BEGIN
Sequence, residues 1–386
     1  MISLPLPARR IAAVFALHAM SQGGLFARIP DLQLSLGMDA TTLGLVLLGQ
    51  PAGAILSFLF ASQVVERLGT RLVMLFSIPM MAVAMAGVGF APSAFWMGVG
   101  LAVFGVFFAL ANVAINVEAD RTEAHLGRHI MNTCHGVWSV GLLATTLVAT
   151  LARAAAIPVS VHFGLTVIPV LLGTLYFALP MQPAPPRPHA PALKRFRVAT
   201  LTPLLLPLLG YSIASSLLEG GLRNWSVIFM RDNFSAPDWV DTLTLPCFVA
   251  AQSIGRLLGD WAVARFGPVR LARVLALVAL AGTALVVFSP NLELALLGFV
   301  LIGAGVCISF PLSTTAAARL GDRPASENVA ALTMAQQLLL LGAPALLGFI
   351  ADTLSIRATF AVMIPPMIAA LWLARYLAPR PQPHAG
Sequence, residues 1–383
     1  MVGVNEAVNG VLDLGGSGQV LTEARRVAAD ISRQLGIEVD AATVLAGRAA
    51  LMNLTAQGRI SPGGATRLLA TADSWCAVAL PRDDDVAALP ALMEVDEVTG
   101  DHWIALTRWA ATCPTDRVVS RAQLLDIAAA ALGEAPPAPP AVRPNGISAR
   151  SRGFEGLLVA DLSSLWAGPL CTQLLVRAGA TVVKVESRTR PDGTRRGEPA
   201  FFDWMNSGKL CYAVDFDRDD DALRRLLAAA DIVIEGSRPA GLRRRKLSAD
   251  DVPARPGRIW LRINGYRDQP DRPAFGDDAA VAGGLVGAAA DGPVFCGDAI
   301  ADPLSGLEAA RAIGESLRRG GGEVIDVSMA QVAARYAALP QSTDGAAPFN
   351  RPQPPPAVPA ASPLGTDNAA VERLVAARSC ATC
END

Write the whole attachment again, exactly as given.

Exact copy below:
Sequence, residues 1–386
     1  MISLPLPARR IAAVFALHAM SQGGLFARIP DLQLSLGMDA TTLGLVLLGQ
    51  PAGAILSFLF ASQVVERLGT RLVMLFSIPM MAVAMAGVGF APSAFWMGVG
   101  LAVFGVFFAL ANVAINVEAD RTEAHLGRHI MNTCHGVWSV GLLATTLVAT
   151  LARAAAIPVS VHFGLTVIPV LLGTLYFALP MQPAPPRPHA PALKRFRVAT
   201  LTPLLLPLLG YSIASSLLEG GLRNWSVIFM RDNFSAPDWV DTLTLPCFVA
   251  AQSIGRLLGD WAVARFGPVR LARVLALVAL AGTALVVFSP NLELALLGFV
   301  LIGAGVCISF PLSTTAAARL GDRPASENVA ALTMAQQLLL LGAPALLGFI
   351  ADTLSIRATF AVMIPPMIAA LWLARYLAPR PQPHAG
Sequence, residues 1–383
     1  MVGVNEAVNG VLDLGGSGQV LTEARRVAAD ISRQLGIEVD AATVLAGRAA
    51  LMNLTAQGRI SPGGATRLLA TADSWCAVAL PRDDDVAALP ALMEVDEVTG
   101  DHWIALTRWA ATCPTDRVVS RAQLLDIAAA ALGEAPPAPP AVRPNGISAR
   151  SRGFEGLLVA DLSSLWAGPL CTQLLVRAGA TVVKVESRTR PDGTRRGEPA
   201  FFDWMNSGKL CYAVDFDRDD DALRRLLAAA DIVIEGSRPA GLRRRKLSAD
   251  DVPARPGRIW LRINGYRDQP DRPAFGDDAA VAGGLVGAAA DGPVFCGDAI
   301  ADPLSGLEAA RAIGESLRRG GGEVIDVSMA QVAARYAALP QSTDGAAPFN
   351  RPQPPPAVPA ASPLGTDNAA VERLVAARSC ATC